The Senate on Monday voted against advancing legislation ending federal funding of Planned Parenthood. The 53-46 vote fell short of the 60 votes needed to move forward.
Monday's vote — largely understood as a messaging vote — is just the beginning of the fight, Republicans vow.
"I wouldn't rule anything out," Sen. John Thune said. "I think we're going to start with this step and we'll see where the next steps go."
The legislation resulted from an effort led by Sen. Joni Ernst and backed by presidential candidate Sen. Rand Paul, Majority Leader Mitch McConnell, and several other members of the GOP. It would stop the flow of more than $500 million from the federal government to Planned Parenthood, but promised that the money would still be used in support of women's health.
The GOP movement to defund Planned Parenthood was recently reinvigorated by a series of viral videos allegedly depicting top officials discussing the sale of fetal tissue in a sting operation. There is currently no evidence of illegal activity.
"Our focus should be on supporting organizations that prioritize women's health, not organizations hiring pricey PR firms for damage control," said Sen. Deb Fischer, a cosponsor of the legislation, in a floor speech Monday before the vote.
But not all those who voted in favor of the motion to proceed support the legislation itself. Sen. Susan Collins said she wanted it to be subject to debate, particularly so she could offer up a substitute defunding only the Planned Parenthood clinics found to procure and sell fetal tissue, a much narrower range.
"It would be better if we got on the bill, debated it freely and had the ability to offer alternatives to it. This bill goes too far," the Maine Republican said. "I think we should keep in mind that it would immediately defund all Planned Parenthood clinics, including the majority that have complied with federal law and that are not under suspicion of having sold fetal tissue."
She also said it is not true that women utilizing Planned Parenthood's services could transition to other health care providers. If her substitute was not adopted during the amendment process, she said she would vote against the legislation in its current form.
After the release of the first video, Congress acted quickly, with several committees launching investigations into the videos and Planned Parenthood. The discussion then escalated; it did not take long for conservative members of the House and the Senate to start talking about removing Planned Parenthood funding from spending bills, and taking the fight all the way to a government shutdown if need be.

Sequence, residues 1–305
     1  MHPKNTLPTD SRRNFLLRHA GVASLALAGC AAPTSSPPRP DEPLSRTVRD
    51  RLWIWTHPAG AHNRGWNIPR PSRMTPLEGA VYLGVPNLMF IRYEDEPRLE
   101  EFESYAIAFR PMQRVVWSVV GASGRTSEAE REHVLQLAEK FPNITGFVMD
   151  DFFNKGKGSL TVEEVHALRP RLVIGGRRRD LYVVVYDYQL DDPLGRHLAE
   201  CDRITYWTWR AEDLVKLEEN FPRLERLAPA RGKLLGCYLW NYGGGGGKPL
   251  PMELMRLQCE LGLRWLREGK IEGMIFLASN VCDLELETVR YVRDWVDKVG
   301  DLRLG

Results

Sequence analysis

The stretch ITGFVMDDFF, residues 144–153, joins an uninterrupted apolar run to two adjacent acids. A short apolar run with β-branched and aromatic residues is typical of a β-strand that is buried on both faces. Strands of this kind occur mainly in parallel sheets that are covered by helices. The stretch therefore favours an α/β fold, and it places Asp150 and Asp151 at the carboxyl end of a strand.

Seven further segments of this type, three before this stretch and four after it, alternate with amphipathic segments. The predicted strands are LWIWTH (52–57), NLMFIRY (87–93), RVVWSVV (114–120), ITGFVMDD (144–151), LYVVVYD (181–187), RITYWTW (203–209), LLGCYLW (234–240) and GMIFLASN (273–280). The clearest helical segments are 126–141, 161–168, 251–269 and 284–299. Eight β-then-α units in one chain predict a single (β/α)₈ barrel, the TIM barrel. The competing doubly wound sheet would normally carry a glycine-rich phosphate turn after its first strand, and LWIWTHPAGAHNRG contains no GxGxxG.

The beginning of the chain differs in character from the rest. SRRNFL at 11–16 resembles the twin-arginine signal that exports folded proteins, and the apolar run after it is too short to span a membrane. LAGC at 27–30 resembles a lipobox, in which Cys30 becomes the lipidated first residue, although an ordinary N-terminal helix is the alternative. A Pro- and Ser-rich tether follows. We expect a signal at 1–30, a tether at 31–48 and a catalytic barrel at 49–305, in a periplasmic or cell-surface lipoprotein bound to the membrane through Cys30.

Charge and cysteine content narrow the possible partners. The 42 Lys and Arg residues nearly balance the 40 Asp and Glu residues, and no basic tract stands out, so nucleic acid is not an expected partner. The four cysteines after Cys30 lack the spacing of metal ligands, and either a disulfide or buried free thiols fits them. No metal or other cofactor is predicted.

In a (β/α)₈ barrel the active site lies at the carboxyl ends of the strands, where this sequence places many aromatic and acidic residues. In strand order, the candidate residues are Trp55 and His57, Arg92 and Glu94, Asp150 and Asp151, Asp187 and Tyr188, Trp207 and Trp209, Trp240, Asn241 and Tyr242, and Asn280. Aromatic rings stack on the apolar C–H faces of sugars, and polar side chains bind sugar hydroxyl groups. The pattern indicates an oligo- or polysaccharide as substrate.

"I'd be willing to shut the government down over human life," Rep. Phil Roe, chairman of the Doctors Caucus, said last month. Republican leadership says the issue is not going to shut down the government.
Democrats are by and large standing by Planned Parenthood, dismissing attacks against it as yet another example of Republicans being anti-women. But some, including Hillary Clinton, have denounced the videos themselves. Clinton described the images as "disturbing," although continues to pledge her support of the organization.
And Democratic Sen. Joe Manchin broke from his party to vote with Republicans in favor of ending funding.
"Until these allegations have been answered and resolved, I do not believe that taxpayer money should be used to fund this organization; instead those funds should be sent to other health care providers, including community health centers, which provide important women's health care services," Manchin wrote in a statement prior to the vote on Monday.
In both parties, this might be a risky fight for members from purple states, particularly those up for reelection next year.
On the other hand, it's great fodder for GOP presidential candidates touting their conservative muscles, who have taken to attacking Planned Parenthood, and some of them are trying to ensure they have a hand in its takedown. Paul and Sen. Ted Cruz submitted amendments to last week's highway legislation that would have defunded Planned Parenthood, although McConnell prevented them from coming to the floor for a vote. The debate is expected to continue on the campaign trail.
The fact that the vote is occurring the same week as the first Republican presidential debate is being broadcast by Democrats.
"Frankly, we don't really need to wait for that debate because the Republican presidential primary campaign is playing out right now on the floor of the United States Senate," said Democratic Sen. Chris Murphy in a floor speech last week.
"I hope that we can spend some time after this vote next week that — as even my Republican friends in the Republican presidential primary will admit — is a show vote," he added, "and get down to the real business of passing a budget that respects the values and priorities of this country, that keeps our government operational, and separates to the best we can the business that we do here on the Senate floor from the business of sorting out who's going to be the next Republican nominee for president."
Caitlin Owens is a health care reporter at National Journal. Her work has previously appeared in the Los Angeles Times, The News & Observer and The Charlotte Observer. She is a graduate of the University of North Carolina at Chapel Hill.